Underestimating How Long and How Much it Takes

How long does it take to develop a next gen advisor into a self-sufficient advisor who can manage lower tier relationships without your support? The honest answer is it depends, but you must be willing to play the long (years) game and you must be willing to train them.

Assuming you have the right person in the role, there are certain things you can do to speed up the development process.  

The first is introducing a three-phase approach to training:

  • Phase 1: Shadowing lead advisors in as many meetings and conversations as possible. You should be debriefing after each conversation and asking the new hire questions about what they learned and observed.
  • Phase 2: Practicing skills in a controlled environment. An example of this might be forwarding them a client email and coaching them on how to respond. Stay in the background while providing feedback and positive reinforcement along the way.
  • Phase 3: Leading initiatives. Eventually, the new hire will be ready to work with a lower tier household on their own, or even handle a new prospect discussion.

The time it takes to move through each phase is less important than knowing when to know its right to graduate to the next phase. Co-create the key metrics for each phase with the new hire. These may include things like:

  • Provided great ideas for how they would’ve added value in a meeting they shadowed.
  • Asked pointed questions and as able to pivot during the meeting rather than just “sticking to the agenda.”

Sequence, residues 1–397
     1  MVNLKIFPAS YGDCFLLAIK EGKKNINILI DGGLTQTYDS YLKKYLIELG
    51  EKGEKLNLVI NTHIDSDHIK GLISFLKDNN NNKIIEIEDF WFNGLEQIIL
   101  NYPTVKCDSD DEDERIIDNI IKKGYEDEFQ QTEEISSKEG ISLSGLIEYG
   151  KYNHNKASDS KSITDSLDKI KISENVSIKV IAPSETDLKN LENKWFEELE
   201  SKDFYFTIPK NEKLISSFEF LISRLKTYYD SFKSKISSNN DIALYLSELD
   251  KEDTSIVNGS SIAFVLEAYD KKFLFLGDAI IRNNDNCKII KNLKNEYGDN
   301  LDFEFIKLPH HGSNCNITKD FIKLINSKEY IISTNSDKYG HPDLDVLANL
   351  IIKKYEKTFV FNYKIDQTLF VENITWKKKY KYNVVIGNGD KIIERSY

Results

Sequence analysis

• Clients are comfortable asking the hire a question directly.

If you are comfortable with the key metrics and have proper expectations about what development should look like, you will find yourself more quickly able to identify whether a new hire is or is not developing.

Ignoring Generational Differences

There are very specific differences between baby boomer advisors and Gen Y and Z advisors. While there are exceptions, especially with first-generation millennials and Gen Z, the younger generations have grown up in a participation-trophy, positive reinforcement-oriented society. Their confidence has been built on the number of “likes” they get on social media. They’ve grown accustomed to getting recognized for showing up, but not necessarily for outperforming. They want to have an impact on the world and want to feel like they are part of something bigger than themselves.  All of this must be considered when leading next-gen hires.  Always aim to:

  • Provide positive reinforcement instead of negative reinforcement.
  • Foster a culture of collaboration and teamwork.
  • Constantly remind the team of the greater mission and vision.

On a final note, its important to always “expect the unexpected.” There are many advisors who have successfully developed their successor, only to realize that he or she doesn’t actually want to be a successor. I am finding this trend is growing more and more common in our industry. The young advisor, now a Gen Xer, loves their job and loves advising, but doesn’t have the desire or risk-appetite to buy-out the senior advisor and “take over the business.”

Meet quarterly with your younger advisors—and everyone on your team—and stay in tune with what they want personally and professionally, so there are no surprises for you, or for them in the end.

Penny Phillips is the co-founder and president of Journey Strategic Wealth.